Advice for Brits driving abroad

As the nation gears up for a Summer getaway, a new study from TomTom has revealed that almost 12 million of the 20 million Brits planning on driving in Europe this Summer could find themselves driving on the wrong side of the road.

A new Europe-wide study of over 10,000 drivers, including 2,000 from the UK, looks at summer driving habits.  It highlights that whilst 44% of British drivers are planning to drive in Europe this summer, 71% didn’t know the driving laws of popular holiday destinations when tested. Although 85% said they do research road regulations before driving abroad, a simple road rule knowledge test, commissioned by TomTom, showed UK drivers are stumped by everyday international driving laws.  For example:

  • In Scandinavia it is illegal to drive without headlights, even in daylight
  • Cyprus has a zero tolerance policy on all drinking at the wheel, including non-alcoholic drinks like water and eating any food
  • In some Spanish cities, cars must be parked on different sides of the road according to the day of the week
  • In Portugal it is illegal to carry bicycles on the back of a car
  • In Denmark you must do a routine check for sleeping children under your car every time you drive

And it isn’t just specific regulations that are causing confusion on European roads for British drivers, with many admitting they have struggled in the past when faced with foreign driving cultures. The most common issues faced when driving abroad include:

  • Not knowing where and when you can park (27%)
  • Driving on the ‘wrong’ side of the road (26%)
  • Knowing which lane is best to travel in (22%)
  • The correct speed limit to travel at (19%)
  • Not understanding the road signs (18%)

Almost two thirds of UK drivers (61%) said they would prefer someone else to drive because they don’t feel confident driving abroad (47%) and find it too stressful (44%).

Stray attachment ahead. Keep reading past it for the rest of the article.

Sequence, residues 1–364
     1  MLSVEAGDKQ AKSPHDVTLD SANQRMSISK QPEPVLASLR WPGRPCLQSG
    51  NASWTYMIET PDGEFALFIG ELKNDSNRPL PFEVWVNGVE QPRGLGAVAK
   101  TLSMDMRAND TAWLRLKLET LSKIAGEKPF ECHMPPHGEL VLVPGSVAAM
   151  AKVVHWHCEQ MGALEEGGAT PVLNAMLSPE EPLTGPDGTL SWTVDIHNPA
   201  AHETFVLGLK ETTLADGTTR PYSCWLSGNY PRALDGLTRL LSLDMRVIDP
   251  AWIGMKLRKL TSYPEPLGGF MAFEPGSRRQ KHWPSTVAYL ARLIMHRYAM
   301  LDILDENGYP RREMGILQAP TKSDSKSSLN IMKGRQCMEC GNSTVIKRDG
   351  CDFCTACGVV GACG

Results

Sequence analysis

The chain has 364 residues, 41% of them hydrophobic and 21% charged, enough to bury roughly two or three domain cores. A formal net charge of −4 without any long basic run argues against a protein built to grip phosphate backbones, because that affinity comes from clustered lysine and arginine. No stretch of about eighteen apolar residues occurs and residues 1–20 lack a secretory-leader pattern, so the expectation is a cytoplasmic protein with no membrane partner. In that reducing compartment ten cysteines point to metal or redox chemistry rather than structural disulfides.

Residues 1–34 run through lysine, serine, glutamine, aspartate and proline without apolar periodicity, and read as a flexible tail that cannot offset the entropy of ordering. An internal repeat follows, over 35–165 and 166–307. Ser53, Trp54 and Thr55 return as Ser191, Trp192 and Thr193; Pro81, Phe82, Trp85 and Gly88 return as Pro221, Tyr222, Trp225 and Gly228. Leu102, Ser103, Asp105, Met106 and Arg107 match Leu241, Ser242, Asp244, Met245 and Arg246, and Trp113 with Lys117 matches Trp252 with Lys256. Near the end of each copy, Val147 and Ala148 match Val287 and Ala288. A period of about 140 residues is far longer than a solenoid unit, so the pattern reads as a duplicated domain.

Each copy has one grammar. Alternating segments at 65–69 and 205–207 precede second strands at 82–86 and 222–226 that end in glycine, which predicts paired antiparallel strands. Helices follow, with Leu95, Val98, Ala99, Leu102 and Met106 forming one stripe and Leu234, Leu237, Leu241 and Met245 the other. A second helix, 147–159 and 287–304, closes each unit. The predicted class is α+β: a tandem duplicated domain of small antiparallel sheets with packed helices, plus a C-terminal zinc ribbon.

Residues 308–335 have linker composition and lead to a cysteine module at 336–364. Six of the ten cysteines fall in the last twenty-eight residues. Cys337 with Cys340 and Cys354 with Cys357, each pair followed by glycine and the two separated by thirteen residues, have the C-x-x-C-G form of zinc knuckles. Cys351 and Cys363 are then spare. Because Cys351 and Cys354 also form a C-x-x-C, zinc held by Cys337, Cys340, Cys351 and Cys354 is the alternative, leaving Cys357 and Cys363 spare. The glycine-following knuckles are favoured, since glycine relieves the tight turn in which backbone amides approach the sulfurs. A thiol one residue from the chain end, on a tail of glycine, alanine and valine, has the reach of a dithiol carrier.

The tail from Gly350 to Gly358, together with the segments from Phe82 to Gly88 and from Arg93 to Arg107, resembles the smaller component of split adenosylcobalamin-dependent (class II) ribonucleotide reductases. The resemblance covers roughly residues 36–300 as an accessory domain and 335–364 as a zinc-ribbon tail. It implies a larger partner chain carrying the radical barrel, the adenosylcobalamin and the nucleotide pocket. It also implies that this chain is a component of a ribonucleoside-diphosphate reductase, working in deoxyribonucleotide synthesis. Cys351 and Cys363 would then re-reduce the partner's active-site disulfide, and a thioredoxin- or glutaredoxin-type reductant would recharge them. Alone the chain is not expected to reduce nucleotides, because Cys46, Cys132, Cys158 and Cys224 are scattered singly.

It isn’t just British drivers who feel like they are driving round in circles when it comes to international road laws – our European counterparts are also struggling. German drivers are perhaps the most likely to exceed the speed limit with more than a quarter (29%) admitting to have done so whilst driving abroad in the past and 27% admit to having been pulled over by the police. Nearly one in three Italians also admit to being pulled over by law enforcement when abroad, which maybe links to the fact that more than one in ten (15%) have had a near miss.

Corinne Vigreux, co-founder and managing director, TomTom Consumer, said: ‘There are a huge number of varying and complex road rules that exist across the globe. And, as our research reveals, it’s understandable that drivers aren’t always completely aware of the rules in every country they visit. We try to take the headache out of driving abroad with our range of navigation devices and services – whether that’s making sure you’re aware of the speed limit, that you’re in the right lane, or even by guiding you to the nearest car park in an unfamiliar city.’